As Henry, our official London Living PA, goes about assisting the lucky winner of our competition, it seems an apt time to get to grips with the issue of time in today’s fast-moving world, a theme that is a central pillar of both London Living and East Village‘s core principles.
You’ve only got to walk around London to recognise that time really is of the essence. In fact, this might seem like a gross understatement to many.
For many Londoners, every day resembles a mini marathon. The starting gun fires in the early hours of dawn and the rest of the day is a relentless blur of appointments, train times, deadlines and missed lunch breaks. And yet with all this endless running, the finish line is often far from fulfilling – a panicked fluster to satisfy a client or boss, to meet a deadline or to catch some late night TV before looking at the clock and deciding it’s time for bed. Again.
There are things you can do to improve this situation: one way of providing yourself with more of your ‘own’ time is to reduce the amount of time you spend on a crowded Tube. But that’s only have the problem. What do you do with this extra time?
Giving us a brief history of how the issue of time has become more and more prominent in today’s society, cultural thinker Roman Krznaric neatly packed together a summary of the subject, from when the first ever clock hands started controlling how society views time, to the whirlwind of organised chaos that makes up today’s rigid daily routines.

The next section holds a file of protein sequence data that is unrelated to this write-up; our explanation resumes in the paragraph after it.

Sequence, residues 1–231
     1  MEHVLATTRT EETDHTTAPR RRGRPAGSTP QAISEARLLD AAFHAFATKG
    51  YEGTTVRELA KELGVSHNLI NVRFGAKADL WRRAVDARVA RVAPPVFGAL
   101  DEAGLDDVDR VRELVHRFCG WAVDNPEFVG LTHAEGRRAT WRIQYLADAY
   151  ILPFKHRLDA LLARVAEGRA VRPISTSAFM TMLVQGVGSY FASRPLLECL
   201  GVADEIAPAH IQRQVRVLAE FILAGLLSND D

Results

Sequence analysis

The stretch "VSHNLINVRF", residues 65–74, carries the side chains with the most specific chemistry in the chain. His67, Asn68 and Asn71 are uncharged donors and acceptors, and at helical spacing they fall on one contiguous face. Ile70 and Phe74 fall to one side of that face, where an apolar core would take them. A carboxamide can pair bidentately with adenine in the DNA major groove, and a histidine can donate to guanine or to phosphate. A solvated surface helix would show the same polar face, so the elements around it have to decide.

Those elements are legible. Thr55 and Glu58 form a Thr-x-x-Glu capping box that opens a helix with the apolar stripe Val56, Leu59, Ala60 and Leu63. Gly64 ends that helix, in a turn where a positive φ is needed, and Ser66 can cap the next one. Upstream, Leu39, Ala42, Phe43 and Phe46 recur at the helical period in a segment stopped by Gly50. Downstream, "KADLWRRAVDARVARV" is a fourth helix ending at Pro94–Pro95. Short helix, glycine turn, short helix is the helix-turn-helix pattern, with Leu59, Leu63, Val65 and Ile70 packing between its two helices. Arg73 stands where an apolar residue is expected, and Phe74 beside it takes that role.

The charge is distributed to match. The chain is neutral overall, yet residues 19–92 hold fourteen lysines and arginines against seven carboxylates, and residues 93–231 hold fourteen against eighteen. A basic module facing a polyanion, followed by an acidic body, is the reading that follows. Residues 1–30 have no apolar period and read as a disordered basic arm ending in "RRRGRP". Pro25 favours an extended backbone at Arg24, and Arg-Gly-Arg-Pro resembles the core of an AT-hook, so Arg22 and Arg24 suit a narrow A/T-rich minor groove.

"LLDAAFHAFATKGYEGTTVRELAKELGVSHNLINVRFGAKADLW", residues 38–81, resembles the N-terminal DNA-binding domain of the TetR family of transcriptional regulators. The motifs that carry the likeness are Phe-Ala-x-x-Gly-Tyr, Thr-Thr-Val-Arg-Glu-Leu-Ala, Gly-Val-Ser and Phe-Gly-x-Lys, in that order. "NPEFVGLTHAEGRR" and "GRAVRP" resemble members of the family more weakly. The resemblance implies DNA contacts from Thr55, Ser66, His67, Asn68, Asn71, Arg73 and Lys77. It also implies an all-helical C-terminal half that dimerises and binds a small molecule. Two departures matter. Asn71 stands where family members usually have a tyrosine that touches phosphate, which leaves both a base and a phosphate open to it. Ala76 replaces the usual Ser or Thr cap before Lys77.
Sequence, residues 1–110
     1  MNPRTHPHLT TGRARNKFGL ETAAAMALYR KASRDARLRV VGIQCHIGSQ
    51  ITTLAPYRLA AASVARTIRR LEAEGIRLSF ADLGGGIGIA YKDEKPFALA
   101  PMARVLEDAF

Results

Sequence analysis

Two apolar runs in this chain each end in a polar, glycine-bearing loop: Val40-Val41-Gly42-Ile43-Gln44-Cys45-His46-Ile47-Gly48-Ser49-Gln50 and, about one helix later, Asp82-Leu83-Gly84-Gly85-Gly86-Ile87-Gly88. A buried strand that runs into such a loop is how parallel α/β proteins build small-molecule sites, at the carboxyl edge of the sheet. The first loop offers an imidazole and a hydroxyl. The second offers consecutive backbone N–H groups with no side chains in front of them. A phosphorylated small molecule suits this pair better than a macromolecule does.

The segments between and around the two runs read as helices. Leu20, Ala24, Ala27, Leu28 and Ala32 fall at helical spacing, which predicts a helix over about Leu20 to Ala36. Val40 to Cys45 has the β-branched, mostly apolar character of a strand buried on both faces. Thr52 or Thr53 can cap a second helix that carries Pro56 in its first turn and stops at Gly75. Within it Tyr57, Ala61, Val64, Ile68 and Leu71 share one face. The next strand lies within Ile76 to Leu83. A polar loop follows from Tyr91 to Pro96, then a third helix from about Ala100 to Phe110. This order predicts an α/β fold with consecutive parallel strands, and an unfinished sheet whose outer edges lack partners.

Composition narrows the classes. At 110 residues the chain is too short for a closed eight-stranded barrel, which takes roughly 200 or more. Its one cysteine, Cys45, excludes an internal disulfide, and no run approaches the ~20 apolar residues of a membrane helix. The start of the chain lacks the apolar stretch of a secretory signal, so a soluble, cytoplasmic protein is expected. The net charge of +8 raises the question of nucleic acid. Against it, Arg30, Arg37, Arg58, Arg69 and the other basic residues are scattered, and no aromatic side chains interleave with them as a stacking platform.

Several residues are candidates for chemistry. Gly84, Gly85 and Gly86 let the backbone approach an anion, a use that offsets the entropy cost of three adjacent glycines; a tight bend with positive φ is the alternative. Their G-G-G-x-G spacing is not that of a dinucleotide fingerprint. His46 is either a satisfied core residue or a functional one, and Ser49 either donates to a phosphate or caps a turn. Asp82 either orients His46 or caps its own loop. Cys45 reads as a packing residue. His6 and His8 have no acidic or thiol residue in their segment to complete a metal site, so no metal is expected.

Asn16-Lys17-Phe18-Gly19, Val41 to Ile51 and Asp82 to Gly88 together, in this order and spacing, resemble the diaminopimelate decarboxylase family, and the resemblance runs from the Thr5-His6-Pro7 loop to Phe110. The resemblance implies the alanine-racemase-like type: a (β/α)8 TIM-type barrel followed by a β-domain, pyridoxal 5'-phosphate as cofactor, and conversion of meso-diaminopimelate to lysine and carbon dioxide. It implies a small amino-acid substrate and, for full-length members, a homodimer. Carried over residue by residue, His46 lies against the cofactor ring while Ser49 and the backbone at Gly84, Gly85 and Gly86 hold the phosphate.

He picked apart time, demonstrating the draining affect it is having on our lives today:
‘Our troubles started when time was first sliced into tiny artificial units, and we have been subject to their increasing tyranny ever since.’ writes Krznaric. ‘Now we are colonised by clocks, on our bodies, phones, computer screens and the walls of our homes.’
Ringing any bells?
It seems an accurate observation that we are in fact ‘addicted to knowing the time…We have transformed the stuff into a precious commodity.’
Or otherwise put:
‘Western culture has instilled in us a linear notion of time as an arrow that travels from the past, dashing through the present towards the future.’
At times, Krznaric’s tone is highly critical of today’s values: ‘With no long-term perspective, we have bred an irresponsible culture, squandering resources and bequeathing our children an altered climate and fragile ecology.’
But is it possible to exist without time in a world that has been molded to synchronize with the years, months, days and hours of the calendar?
Krznaric suggests adopting ‘a chronological diet, abandoning your watch for a week and covering the clocks in your home’ or trying to speak ‘with new metaphors’ giving ‘your leisure time more value by calling it ‘time on’ rather than ‘time off’. After all, through our incessant obeying of time, ‘the danger is that we become human doings rather than human beings, constantly trying to get things done.’
So, if you feel like you’ve not got enough hours in the day or are living life on auto-pilot, then perhaps these tips are worth a try (only if you’ve got the time, obviously).